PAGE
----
Niggas in Shanghai: “no one knows what it means…”


We were one of the first ones to arrive at Gate 2 of Terminal 1 back at JFK on August 29th. As other passengers began to arrive, I soon noticed a “what are you doing here?” expression on their faces. Not an offensive/racist look but a genuinely puzzled one. Those looks were of course directed to my roommate Daniel Seabrooks (henceforth, “DJ”), and myself. What were we doing going to China?


I must admit that I was a little worried about how my blackness would be received once we landed. Upon doing my research, I got a little pessimistic about my soon-to-be experience in Shanghai. I read a lot of bad stories on the Internet about how black people were treated but I decided not to let that discourage me. The first reason being that I wasn’t going on a vacation: I was going to be there to study and learn as much as I can. The second reason being that after having lived in West Texas for a little under 2 years and having experienced both passive and [very] active racism, I figured it couldn’t possibly be worse. Finally, I also realize that we as human beings tend to point out the oddities and the bad a lot more often than we do the normal and the good. In other words: I was obviously going to find a ton of example of black people being treated badly, than I was going to find articles of black people being treated… “normally”, I guess.

And I was right to not worry: I had my first pleasant experience during the [terrible] flight when a random passenger decided to start a conversation with me. I found it interesting that he began the whole thing in Chinese rather than in English. Later, whenever I would approach a vendor, they’d first attempt to communicate with me in very broken phonetic English, until they realized I could talk with them in Chinese. Through similar interactions I soon found out people were really enthusiastic and borderline pleased upon realizing I could express myself in their language, especially when they initially address me in English but I choose to respond to them in the Chinese.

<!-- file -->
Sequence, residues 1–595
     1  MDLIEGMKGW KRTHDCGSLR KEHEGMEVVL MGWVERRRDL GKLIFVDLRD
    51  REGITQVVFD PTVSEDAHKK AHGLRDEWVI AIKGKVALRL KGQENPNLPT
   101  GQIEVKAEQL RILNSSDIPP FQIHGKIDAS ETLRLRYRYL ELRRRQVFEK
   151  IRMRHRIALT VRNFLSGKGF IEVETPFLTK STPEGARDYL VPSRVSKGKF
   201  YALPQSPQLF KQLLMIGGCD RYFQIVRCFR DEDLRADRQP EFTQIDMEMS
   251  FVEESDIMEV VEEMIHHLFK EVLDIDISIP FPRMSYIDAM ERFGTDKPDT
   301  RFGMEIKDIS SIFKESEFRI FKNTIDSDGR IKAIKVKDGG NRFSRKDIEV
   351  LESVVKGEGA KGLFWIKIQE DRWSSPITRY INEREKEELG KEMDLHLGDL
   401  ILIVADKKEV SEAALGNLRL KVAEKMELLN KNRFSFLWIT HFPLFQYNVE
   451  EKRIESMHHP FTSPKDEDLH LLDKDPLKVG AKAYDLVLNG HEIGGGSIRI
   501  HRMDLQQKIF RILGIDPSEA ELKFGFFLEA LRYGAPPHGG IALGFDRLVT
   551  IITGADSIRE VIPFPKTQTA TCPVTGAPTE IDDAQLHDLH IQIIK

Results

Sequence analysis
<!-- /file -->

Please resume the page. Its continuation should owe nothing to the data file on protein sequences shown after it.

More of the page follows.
I think they respect the fact that despite it being theoretically (because of their broken accent) easier for me to carry on the conversation in English, I deliberately choose to put myself through the struggle they were initially willing to put themselves through, for me. I learned to appreciate these simple exchanges through others’ experiences:

There are some Asians on this program who speak less Chinese than I do and get very disapproving looks because of that; especially GTFOwhen Lincoln, a Caucasian (the most fluent in Chinese of us all) has to step in and serve as a translator.






But being black here is not all black and g-, peaches and cream. It goes from nice experiences similar to those described above, to others that are more… disconcerting, to say the least. For instance:

– Random by passers asking DJ and I to pose in pictures with them.

– Kids that (by my standards) are grown enough to know better than to point at us because of our skin tone. I address this grievance to their parents who should have taught them better.